I am currently reading A Guide to Coaching and Mental Health by Andrew and Carole Buckley. The first chapter discussed the question of what is normal. It is aiming to explain to coaches what to do if you come for coaching but also have a mental health issue or psychological abnormality.
Now life coaching is not counselling or therapy. It focuses on the positive. Coaching enables you to find your talents achieve your goals and so find meaning and purpose to your life that result in true happiness. It does not focus on the negative. It is not about overcoming what gone wrong psychologically.

The Buckleys are very clear that coaching is designed for people who are well and want to achieve their goals. Its purpose is not to deal with a psychological abnormality. However you may have such issues which you may or may not be aware of these.

How might your coach detect abnormality?

Most are normal as shown by this normal distribution curve

Most are normal as shown by this normal distribution curve

Most people are normal and your coach will start with the assumption that you are psychologically healthy and lack any abnormality unless they observe signs that indicate otherwise. But as the relationship develops they may see clues in your appearance, your behaviour and how you express your thoughts and emotions.

Of course you are unique

Have you always felt you were different? I have. I think most people do. Everyone has their own idiosyncrasies and if you are deviating from the expected social norms it may just be your own style.

A coach should be accepting of people and such little eccentricities should not in themselves necessarily indicate psychological abnormality. I think the Buckley’s would actually agree with this.

Are you functioning well despite circumstances?

They discuss that life can involve distressing situations and overcoming such suffering can be a normal part of life. You may be dealing with stress at work, bereavement or other major life changes. If your responses to these are typical then a coach may provide support as you work on your goals and overcome these problems.

Are you showing signs of dysfunction?

If your distress is greater than might be normally expected then your day-to-day functioning may become impaired. Such dysfunction may alert your coach to a psychological abnormality. A coach will need to take care as if you are failing to function adequately coaching may be ineffective or even harmful.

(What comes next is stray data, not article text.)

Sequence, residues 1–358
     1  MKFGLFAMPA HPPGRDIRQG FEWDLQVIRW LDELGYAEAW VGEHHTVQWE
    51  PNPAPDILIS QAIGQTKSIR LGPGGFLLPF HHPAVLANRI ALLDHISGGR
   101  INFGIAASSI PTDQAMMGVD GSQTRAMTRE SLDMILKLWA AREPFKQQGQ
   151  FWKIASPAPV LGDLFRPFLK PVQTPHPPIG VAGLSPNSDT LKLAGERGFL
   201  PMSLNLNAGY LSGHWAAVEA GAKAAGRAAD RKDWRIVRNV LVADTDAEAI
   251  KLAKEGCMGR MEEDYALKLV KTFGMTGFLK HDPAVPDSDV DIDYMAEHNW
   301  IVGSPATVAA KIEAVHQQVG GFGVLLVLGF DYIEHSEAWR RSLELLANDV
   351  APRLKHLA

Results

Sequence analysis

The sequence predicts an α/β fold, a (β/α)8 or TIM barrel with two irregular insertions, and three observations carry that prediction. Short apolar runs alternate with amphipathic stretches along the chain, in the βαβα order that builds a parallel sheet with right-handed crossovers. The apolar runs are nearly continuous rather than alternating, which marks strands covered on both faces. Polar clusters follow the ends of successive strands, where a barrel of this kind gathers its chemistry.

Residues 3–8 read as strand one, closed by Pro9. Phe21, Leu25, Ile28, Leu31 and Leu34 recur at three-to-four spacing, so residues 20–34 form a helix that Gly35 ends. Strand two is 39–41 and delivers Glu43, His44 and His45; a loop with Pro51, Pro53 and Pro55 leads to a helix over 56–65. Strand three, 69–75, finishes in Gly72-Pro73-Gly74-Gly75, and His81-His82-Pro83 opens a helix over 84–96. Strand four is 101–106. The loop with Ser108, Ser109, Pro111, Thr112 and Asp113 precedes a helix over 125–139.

Are you lacking mental health?

We all may deviate to some degree from ideal metal health. The aim of coaching is to enable you to be fulfilled. So you may need to build your self esteem or work on coping well with stress. But if you are deviating so far from this that there are signs of a psychological abnormality it may not be safe to continue until this is dealt with.

Your coach may get it wrong!

They explain well that such observations are by their very nature subjective. They depend on the social context and the specific environment. Your coach will be affected by his own background when making such observations and will need to be aware of any misunderstanding due to cultural differences.

When might these issues arise?

As your coaching progresses and you begin to move out of your comfort zone to tackle your goals it may be that your coach comes to feel that a psychological abnormality is impacting on your coaching.

You may hit a barrier in your coaching, be trapped by psychological pain, become unbalanced by emotional turbulence or begin show clear signs of a recognisable condition.

How might your coach deal with these issues?

Your coach will probably get you to seek advice from someone who is qualified in a relevant field. You will be better off with a referral to the relevant specialist. There may be little that the coach can do for any condition that may have come to light especially if it has a biological basis.

However while you are undergoing therapy such as medication prescribed by your GP you still may want to talk to a coach. For instance, you may want to work on reducing your stressors, especially if you are on medication that will be reduced after a short period. Hopefully they will have familiarity with your condition and still help.

What do you think?

I am still reading this book. But what I have read so far I have really enjoyed. I hope to post some insights from A Guide to Coaching and Mental Health again. Please let me know what you think about these ideas.

Related Post

What is a Life Coach?

Further Reading

A Guide to Coaching and Mental Health is available from Amazon.com and Amazon.co.uk